Two days later, I sat with my morning coffee, checking emails, including a cheery one from my boss, about an upcoming conference I'm attending...with a note at the end asking if I wanted her to take Jake's lump off.

My mind buzzed as I opened up Idexx VetConnect to view the lab results and I could barely focus on the words mast cell tumor before I burst into tears, which quickly led to muffled sobbing (Eric was still asleep after working late). I was a bit surprised by my reaction. Plenty of dogs have mast cell tumors removed, and go on to lead normal, healthy lives. Why did this hurt so badly?


It wasn't just that Jake was my own dog, my Tigey-Tige, my running buddy, the dog who helped me "start over" when my life got turned upside down. That alone was like a punch in the gut, but normally doctor mode takes over and I just focus on fixing the problem. I thought about it, and realized I took it personally, both as Jake's mummy and as Jake's doctor. Unlike my "own" two dogs, Jake was owned by Eric first. I never make medical decisions for Jake without informing Eric first, treating him like a client who ultimately gets to decide how to treat "his" dog. So I was feeling the double whammy of "failing" Jake, personally and professionally. Of course, I didn't fail him at all. There wasn't anything I did, or didn't do, to cause this. The reason I found the mass, and found one in Granger less than six months ago, is that I don't ignore the little things. I didn't brush off his mass as "nothing"; instead, I took the right steps in diagnostics and treatment to give Jake the best chance at a cure.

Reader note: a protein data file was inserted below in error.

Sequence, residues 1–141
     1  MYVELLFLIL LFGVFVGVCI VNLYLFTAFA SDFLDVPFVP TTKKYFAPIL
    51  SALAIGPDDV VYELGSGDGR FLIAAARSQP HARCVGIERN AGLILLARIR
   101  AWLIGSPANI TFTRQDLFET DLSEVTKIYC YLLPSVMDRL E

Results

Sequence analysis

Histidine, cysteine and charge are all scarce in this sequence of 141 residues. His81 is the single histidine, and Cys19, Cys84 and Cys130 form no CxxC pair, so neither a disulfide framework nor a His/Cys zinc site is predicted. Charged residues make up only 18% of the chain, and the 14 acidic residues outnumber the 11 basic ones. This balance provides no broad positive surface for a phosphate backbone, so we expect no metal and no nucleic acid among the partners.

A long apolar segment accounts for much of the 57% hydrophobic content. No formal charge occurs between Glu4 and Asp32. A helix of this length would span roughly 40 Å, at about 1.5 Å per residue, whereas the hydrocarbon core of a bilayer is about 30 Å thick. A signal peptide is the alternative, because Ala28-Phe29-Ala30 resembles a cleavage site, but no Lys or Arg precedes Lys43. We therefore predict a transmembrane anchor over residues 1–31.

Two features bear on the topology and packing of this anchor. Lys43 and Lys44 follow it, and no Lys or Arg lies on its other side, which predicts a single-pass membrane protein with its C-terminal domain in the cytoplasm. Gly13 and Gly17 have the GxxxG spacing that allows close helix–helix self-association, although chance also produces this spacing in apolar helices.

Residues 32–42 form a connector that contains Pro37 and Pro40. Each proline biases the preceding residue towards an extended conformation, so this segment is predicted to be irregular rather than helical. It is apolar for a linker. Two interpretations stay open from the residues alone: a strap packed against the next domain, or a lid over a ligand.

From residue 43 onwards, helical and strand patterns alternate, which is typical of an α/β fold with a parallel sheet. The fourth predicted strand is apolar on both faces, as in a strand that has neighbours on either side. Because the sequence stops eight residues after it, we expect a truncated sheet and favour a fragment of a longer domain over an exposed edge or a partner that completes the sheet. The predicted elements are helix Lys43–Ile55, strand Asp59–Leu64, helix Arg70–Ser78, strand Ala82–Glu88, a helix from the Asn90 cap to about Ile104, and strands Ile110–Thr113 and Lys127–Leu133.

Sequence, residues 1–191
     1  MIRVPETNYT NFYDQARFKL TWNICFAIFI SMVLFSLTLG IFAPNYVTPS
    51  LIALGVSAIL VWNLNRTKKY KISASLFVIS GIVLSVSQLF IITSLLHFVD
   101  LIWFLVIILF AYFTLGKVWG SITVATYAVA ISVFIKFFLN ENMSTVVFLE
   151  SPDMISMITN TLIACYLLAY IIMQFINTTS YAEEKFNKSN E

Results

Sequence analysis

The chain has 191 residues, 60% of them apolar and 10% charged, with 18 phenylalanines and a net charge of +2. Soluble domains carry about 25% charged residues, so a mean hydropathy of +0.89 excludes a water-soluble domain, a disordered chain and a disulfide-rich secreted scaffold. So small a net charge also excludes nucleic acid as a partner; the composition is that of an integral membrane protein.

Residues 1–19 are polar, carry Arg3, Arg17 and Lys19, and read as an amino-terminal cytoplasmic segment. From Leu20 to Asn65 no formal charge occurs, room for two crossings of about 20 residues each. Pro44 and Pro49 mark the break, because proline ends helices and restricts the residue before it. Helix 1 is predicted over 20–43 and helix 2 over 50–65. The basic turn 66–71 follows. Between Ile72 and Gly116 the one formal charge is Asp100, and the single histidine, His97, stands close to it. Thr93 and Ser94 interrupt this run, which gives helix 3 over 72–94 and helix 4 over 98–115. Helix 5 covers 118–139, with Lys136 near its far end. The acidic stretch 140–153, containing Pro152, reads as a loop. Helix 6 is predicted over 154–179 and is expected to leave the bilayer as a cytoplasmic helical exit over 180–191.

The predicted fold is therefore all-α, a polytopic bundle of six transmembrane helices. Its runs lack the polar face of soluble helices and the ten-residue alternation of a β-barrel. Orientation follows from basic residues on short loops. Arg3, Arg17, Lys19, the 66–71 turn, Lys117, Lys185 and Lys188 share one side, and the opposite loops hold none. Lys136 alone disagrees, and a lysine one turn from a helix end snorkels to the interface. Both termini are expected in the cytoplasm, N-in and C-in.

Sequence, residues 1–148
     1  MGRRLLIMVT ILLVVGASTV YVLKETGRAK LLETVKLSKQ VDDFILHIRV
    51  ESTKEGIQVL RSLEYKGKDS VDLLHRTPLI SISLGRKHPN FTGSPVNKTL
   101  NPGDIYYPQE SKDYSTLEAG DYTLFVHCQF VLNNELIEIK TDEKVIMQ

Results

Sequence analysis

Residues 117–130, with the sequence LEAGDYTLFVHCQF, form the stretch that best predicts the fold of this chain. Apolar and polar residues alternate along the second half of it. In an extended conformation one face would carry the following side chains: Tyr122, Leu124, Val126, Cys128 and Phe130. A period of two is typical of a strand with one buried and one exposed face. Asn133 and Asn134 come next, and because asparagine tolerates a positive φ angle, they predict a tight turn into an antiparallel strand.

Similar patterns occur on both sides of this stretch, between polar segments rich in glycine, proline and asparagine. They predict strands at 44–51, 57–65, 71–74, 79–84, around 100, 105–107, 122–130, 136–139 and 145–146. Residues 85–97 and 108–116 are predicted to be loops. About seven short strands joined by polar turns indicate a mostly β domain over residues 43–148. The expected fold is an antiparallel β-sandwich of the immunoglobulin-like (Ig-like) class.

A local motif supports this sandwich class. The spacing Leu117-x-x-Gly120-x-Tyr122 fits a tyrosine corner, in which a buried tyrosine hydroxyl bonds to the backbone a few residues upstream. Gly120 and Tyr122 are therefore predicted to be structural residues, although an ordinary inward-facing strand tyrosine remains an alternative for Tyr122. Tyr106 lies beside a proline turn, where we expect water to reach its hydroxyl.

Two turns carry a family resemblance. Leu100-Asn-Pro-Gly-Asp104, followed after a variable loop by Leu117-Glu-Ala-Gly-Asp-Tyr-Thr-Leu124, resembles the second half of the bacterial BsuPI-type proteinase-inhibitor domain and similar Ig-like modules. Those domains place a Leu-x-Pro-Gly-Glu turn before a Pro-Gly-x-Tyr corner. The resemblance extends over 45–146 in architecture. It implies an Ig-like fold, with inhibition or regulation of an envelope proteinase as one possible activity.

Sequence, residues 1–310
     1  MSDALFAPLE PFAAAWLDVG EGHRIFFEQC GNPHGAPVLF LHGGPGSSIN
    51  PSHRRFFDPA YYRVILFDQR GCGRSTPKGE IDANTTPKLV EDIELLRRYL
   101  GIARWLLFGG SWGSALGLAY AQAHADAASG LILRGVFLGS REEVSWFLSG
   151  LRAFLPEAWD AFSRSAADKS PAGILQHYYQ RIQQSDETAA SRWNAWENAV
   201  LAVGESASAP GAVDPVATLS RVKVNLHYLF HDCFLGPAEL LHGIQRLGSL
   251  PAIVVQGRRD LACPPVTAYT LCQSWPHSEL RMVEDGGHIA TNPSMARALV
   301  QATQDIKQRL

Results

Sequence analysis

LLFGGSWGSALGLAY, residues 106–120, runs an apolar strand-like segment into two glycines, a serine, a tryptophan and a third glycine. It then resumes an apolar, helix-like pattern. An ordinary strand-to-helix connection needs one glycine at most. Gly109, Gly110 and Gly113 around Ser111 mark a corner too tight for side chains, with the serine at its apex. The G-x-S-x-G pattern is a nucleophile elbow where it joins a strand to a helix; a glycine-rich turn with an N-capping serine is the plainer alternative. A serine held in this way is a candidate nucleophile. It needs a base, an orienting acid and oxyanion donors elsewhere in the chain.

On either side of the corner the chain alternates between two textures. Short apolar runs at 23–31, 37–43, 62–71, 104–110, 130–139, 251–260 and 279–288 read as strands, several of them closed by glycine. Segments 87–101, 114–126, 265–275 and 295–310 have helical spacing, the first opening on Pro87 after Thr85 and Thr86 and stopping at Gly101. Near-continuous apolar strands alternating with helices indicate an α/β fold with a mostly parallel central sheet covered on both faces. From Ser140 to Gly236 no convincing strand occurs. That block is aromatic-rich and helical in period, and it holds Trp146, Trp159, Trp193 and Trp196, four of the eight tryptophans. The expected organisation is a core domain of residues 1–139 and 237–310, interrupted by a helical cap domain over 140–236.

Jake is lucky to have me for his mummy AND his vet.

Jake's tumor was completely excised, and classified as a low grade two. His bloodwork was perfect, and he is booked for an ultrasound as an added precaution.

Monday, August 12, 2013

Daisy's First Vet Visit

Recently, my sister brought her Bullmastiff puppy, Daisy, in for an exam and vaccines. Daisy already knows me from training sessions, so she was very happy to see me and show off her latest clicker-training knowledge. Most puppies need to come to the vet every 4 weeks or so, for routine check-ups, vaccines, and deworming. Here, Daisy demonstrates a typical puppy visit.



Having your mouth opened is a funny sensation, but I need to check Daisy's teeth and get her used to having her mouth examined. She gets a treat for being so good. This will make it easier to do when she grows up to be 100 pounds!
I listen to Daisy's heart and lungs and check her pulses at the same time. When she is full grown, I will probably examine her on the floor, but for now, she is practising staying still on the slippery exam table.